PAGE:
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One of Africa’s most stable democracies just declared a state of emergency

Patriotic Front (PF) Presidential candidate Edgar Lungu speaks at a rally in Lusaka January 19, 2015. Lungu's rapid rise from backroom politician to presidential front-runner in one of Africa's most promising frontier markets has revealed tactical nous and a steely determination that few knew lay beneath his quiet exterior. Zambians go to the polls on January 20, 2015 following the death of President Michael Sata in October 2014.
Reuters/Rogan Ward
By Abdi Latif Dahir
Published Last updated This article is more than 2 years old.

Zambia’s president has declared a state of public emergency following a spate of arson attacks that he said threatened “to make the country ungovernable.” The move is set to rile tensions and deepen the cracks in the country’s democracy, which has traditionally been considered one of the most stable in Africa until recently.

President Edgar Lungu said he will seek the approval of the parliament to officially impose the law and order to prevent chaos and economic sabotage. Several parts of Zambia have been targeted with fires recently, including the main market in the capital Lusaka, on Tuesday (July 4). Police also said that some people were planning to vandalize vital installations including bridges and power stations after the blaze, according to Reuters.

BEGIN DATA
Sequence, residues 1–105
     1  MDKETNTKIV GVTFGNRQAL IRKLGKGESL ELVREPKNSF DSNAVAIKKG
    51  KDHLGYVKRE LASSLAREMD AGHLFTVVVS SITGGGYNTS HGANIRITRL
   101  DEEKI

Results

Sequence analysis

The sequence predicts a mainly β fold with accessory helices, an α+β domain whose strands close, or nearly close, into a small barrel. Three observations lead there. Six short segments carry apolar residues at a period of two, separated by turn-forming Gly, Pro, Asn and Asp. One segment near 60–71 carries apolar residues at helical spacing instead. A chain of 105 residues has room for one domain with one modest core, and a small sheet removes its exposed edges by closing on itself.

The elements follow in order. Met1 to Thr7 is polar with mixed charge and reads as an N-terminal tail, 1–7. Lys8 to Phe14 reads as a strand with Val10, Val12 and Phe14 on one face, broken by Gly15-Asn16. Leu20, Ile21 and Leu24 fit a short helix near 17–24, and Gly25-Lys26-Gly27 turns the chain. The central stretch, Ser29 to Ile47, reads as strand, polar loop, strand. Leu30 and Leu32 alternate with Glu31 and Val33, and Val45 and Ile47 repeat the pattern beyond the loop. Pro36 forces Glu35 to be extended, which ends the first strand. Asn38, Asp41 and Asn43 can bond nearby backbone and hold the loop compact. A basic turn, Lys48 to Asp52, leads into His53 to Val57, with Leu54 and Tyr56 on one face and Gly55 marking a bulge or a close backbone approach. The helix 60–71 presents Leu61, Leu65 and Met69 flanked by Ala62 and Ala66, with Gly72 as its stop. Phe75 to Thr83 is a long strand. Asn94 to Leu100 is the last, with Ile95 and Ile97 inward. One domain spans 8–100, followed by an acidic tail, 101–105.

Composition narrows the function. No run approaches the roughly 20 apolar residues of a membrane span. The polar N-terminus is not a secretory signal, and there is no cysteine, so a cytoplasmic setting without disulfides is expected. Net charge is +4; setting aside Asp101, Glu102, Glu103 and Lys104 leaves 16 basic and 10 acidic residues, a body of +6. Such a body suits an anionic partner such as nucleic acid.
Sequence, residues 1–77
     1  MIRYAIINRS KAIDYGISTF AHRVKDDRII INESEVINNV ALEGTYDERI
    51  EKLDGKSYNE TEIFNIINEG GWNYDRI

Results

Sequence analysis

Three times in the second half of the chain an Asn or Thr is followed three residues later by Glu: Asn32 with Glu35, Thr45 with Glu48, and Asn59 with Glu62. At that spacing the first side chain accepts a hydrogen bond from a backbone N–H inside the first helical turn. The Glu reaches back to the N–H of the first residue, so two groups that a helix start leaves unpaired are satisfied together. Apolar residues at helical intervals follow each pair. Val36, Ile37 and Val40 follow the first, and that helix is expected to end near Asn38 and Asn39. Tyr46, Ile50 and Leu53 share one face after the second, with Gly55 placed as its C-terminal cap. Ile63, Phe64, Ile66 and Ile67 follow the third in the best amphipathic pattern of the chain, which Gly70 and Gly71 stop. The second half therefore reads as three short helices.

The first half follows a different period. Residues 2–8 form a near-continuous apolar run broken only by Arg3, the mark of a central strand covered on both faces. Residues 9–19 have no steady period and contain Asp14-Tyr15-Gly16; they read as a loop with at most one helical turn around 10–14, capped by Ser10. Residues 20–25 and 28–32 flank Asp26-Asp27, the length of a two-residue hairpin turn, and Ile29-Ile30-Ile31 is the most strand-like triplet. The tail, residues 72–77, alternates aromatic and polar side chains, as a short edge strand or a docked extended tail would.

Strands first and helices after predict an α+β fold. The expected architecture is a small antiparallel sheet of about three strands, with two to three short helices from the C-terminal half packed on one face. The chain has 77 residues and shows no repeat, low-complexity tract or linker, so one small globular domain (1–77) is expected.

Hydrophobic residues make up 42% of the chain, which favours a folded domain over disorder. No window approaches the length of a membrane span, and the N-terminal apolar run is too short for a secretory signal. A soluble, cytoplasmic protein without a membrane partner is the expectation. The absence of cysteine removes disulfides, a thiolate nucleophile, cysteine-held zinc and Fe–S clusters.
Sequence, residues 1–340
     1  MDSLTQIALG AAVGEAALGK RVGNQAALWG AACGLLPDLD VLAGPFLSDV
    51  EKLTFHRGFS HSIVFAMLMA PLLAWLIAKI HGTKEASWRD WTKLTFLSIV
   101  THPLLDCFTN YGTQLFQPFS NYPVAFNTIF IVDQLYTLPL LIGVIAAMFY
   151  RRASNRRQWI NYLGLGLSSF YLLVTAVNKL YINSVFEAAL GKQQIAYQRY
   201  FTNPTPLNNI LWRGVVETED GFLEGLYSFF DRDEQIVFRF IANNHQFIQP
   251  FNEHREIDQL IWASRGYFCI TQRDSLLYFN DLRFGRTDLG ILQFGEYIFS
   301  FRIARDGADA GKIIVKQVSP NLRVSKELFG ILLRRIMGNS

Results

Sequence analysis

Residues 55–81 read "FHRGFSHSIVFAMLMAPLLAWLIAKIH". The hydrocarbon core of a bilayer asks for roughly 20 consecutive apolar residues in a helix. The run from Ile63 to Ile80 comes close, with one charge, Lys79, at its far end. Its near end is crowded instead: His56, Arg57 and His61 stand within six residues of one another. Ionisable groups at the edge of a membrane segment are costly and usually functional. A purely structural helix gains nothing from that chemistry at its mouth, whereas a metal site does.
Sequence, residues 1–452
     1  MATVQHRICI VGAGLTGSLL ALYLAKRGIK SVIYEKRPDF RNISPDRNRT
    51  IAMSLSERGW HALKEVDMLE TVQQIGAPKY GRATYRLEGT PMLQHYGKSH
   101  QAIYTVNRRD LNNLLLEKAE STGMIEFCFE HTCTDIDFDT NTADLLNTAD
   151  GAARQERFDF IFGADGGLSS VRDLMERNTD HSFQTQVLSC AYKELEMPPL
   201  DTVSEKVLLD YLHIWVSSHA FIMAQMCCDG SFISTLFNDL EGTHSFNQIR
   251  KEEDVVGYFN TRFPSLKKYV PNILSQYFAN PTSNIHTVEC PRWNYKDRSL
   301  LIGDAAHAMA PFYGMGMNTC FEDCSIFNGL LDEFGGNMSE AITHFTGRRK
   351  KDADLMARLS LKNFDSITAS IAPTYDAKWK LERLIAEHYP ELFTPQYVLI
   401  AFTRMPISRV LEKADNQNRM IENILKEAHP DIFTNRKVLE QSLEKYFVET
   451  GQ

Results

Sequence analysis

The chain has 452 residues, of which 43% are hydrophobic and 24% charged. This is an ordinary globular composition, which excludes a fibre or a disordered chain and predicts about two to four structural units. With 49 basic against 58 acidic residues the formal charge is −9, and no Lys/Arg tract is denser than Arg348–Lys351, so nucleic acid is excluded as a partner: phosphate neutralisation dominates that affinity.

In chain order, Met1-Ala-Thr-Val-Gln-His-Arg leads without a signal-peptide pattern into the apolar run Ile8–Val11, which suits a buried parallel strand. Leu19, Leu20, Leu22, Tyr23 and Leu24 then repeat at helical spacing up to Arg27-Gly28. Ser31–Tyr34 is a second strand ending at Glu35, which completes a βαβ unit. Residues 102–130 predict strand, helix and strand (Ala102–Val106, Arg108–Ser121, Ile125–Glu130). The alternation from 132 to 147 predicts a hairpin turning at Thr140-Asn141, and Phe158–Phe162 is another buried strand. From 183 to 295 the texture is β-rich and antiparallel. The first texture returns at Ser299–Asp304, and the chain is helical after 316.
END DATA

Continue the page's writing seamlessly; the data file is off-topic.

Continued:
“There is no doubt in my mind that the intention of these perpetrators is to make the country ungovernable and as president of this country it is my responsibility to respond to forestall chaos,” Lungu said. Under Article 31 of the constitution, the president may invoke emergency measures, which could cease having effect after a period of seven days unless the national parliament approves it.

Lungu’s decision comes at a critical time for the southern Africa nation, which is Africa’s second-biggest copper producer. Zambia’s economy has suffered from chronic power shortages, high debt levels, weak copper prices, and falling currency rates. Political tensions have also been rising since the arrest on treason charges of opposition leader Hakainde Hichilema, who lost to Lungu in a closely contested election last year.

Observers have also noted that Zambia was slowly drifting into authoritarian rule, with activists and human rights organization coming out to criticize the government’s attack on the civil society and media outlets.

In April, the Conference of Catholic Bishops, one of the most influential bodies in the country, publicly criticized the government for intimidating political leaders. “Our country is now all, except in designation, a dictatorship and if it is not yet, then we are not far from it.”

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